I just started Sporty's Learn to Fly online course for ground school, with ASA's "The Complete Private Pilot" by Bob Gardner for supplementary material. I've been fascinated by planes since around age 7 and flew with my Aviation Club in high school from 1997 through 2001.
Question: Is it possible to go through my entire ground school training and FAA Knowledge Exam without CFI assistance? I, like many people, don't have the money (yet) for an instructor, so I can't exactly call someone up and ask questions when I get confused. How should I handle that? Thank you and fly safe!
You don't need a CFI to complete your ground and knowledge test,
You do need an instructor (CFI or Ground Instructor) involved to take the written since an instructor's endorsement is necessary to be eligible for the written. Most of the commercial on-line ground schools have an in-house instructor to provide that endorsement upon successful completion of the program (including some sort of end-of-course exam), but you will have to work with an authorized instructor at some point before you can take the written.
See 14 CFR 61.35(a)(1) and 61.103(d).
Good job on starting pursuit of your license even though you can't start flying yet. But like the other comments, would be helpful to get a couple lessons now. It might boost your motivation to find a way to start flying sooner! You don't need a CFI to complete your ground and knowledge test, just study hard and use all the many free references out there, including google. Also there are several
CFIs doing classes via zoom which is cheaper than in person and I think just as effective.
I tell my students when they start that there are really 3 paths they need to go down for the knowledge part of the PPL. First is what you are doing now which is learning the basics. Second is specific prep for the knowledge test by taking frequent practice tests which identify any weak areas and stress the important areas that you need to know. And last is the intense studying that you will do for the oral portion of the checkride, something that many don't expect. All of these are obviously about the same subject material but just focused differently.
Hang in there and good luck!
Routinely throughout my training, I heard alot of feedback from my own CFI as well as my stage-check CFIs that my ground knowledge was exceptional. I credit that to using both programs, and as others have mentioned, questions will arise no matter which ground school method you choose. I found that being able to cross-reference one source against another was helpful. Sporty's online "ask a CFI" was never functional for me; emails and messages just went unanswered. But it was beneficial to be able to bring the Sporty's lessons into my CFI on my iPad, show him what I had trouble understanding, and get a better explanation. The same thing worked in the opposite direction; when I didn't understand what my CFI was explaining, Sporty's was able to fill in some gaps.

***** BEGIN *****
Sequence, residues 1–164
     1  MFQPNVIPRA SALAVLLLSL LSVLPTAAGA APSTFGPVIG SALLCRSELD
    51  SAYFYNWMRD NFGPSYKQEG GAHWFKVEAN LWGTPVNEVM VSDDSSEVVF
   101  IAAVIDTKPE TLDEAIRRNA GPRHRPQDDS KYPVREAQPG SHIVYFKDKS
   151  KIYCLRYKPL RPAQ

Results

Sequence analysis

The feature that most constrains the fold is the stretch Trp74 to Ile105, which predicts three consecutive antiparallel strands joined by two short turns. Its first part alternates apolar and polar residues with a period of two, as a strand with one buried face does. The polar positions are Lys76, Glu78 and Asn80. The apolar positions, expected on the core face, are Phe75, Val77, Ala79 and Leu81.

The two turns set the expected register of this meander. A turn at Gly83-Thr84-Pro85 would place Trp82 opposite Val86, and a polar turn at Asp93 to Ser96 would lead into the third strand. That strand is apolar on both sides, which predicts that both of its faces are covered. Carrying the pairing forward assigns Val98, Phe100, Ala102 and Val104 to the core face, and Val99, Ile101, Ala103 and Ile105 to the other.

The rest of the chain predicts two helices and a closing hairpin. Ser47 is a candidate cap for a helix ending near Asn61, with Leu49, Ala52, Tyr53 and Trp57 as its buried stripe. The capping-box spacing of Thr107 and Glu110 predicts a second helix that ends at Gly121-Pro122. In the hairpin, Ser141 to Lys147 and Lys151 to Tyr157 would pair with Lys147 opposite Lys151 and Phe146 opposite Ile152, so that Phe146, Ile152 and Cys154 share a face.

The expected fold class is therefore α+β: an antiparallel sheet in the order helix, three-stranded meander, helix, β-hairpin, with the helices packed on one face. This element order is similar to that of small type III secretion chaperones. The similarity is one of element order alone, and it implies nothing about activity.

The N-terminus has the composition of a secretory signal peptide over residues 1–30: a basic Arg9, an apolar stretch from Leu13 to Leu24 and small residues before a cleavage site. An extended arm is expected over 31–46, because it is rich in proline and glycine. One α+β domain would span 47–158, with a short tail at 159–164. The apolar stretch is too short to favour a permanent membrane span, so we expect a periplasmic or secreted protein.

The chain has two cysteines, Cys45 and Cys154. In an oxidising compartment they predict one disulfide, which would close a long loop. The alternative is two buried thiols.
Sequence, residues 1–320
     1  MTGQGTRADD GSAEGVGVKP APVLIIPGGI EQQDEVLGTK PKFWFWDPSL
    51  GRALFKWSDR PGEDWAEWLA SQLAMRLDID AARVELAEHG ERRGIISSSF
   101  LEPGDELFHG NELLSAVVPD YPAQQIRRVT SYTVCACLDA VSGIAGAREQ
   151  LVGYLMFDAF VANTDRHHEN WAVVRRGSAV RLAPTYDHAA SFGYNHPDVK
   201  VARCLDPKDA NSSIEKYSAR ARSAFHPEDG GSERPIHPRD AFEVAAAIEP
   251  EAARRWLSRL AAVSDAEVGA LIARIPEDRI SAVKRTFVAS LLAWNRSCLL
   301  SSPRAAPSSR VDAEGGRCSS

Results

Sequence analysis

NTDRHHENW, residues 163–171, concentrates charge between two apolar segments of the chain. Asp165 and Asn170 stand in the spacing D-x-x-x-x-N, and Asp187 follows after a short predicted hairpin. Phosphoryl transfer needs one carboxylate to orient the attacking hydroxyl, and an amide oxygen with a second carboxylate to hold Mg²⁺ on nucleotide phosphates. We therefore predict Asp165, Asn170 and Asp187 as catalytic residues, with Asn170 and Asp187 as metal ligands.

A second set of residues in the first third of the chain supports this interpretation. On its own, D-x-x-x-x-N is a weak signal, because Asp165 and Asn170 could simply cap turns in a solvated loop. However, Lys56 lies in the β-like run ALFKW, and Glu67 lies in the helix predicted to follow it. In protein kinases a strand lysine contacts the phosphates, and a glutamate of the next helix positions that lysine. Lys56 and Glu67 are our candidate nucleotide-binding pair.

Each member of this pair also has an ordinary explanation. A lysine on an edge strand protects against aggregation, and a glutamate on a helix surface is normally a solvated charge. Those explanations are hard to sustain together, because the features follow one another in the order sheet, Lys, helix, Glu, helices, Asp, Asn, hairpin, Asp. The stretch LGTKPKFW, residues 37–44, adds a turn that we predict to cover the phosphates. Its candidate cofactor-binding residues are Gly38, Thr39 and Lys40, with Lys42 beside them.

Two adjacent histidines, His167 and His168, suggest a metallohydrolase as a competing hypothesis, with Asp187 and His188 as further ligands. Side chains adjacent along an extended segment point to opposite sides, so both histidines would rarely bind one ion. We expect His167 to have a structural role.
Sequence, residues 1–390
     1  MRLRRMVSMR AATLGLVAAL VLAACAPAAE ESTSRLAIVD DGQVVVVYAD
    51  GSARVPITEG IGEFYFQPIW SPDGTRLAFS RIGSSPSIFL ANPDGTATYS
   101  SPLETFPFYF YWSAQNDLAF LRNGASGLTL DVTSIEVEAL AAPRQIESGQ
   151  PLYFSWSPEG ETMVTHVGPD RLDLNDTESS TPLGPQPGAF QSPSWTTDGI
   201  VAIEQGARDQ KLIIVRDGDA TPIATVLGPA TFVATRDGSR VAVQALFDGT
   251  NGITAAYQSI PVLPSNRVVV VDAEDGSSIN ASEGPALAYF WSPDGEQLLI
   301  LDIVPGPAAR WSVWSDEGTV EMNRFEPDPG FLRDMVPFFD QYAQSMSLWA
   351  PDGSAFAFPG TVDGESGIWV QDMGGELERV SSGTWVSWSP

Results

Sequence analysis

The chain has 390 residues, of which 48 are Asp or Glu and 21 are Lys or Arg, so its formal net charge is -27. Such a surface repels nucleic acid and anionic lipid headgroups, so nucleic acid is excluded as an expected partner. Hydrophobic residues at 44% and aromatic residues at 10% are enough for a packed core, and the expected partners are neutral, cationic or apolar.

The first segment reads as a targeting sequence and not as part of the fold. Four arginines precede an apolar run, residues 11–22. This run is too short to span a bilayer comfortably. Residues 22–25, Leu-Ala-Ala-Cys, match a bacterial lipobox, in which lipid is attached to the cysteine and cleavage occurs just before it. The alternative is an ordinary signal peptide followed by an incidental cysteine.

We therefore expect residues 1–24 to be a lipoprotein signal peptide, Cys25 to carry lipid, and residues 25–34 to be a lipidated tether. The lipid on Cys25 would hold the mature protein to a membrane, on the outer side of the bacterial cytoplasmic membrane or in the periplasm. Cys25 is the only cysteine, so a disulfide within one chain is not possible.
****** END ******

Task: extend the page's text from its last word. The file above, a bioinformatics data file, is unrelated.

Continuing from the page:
I'll vouch for the others' comments, too, that ground school is best accomplished while simultaneously taking flight lessons. In my experience, there were more than a few "ah ha!" moments in the air when a ground lesson kicked in. Crosswind landings and forward slips are but two examples ... until you try it in the air with the ground lesson fresh in your mind, the ground lessons will have little meaning.
Lastly, I'll repeat the previous suggestion: if you're going to attempt ground school on your own, then don't go it alone. One thing I might offer as a suggestion is to connect with other students. In my program, all instruction was offered one-on-one and I lamented that being able to learn from other students would have been advantageous. Students share a commonality in that they are laypersons, and even the best CFIs cannot always make the connection between the lesson material and a student's brain. For me, it would have been quite helpful to talk to another student who might have explained things in plain English and share their own ah-ha moments. I'm sure there are multiple flying clubs around suburban Chicago and maybe even the AOPA discussion board can connect students with each other.
Good luck, and enjoy the adventure! It's worth the effort!
For others reading this thread, another route is to study for and successfully pass the Advanced Ground Instructor exam. The AGI exam does not require any endorsement. Check in advance with your CFI and gain assurance that they will then grant your endorsement to take the PPL written. No better proof of having completed adequate study than passing the AGI. The knowledge gained makes preparation for the AGI exam is well worth the effort. I studied Gleim and then switched to Dauntless for example test material. You will learn a lot along the way and PPL exam preparation will be super easy.
As an additional thought, for those who have the budget, investing in a good simulator will save you lots of hours in real world training. The sim will pay for itself in very short order and be available for further training thereafter for years and years. PM to me if anyone wants details on hardware and software.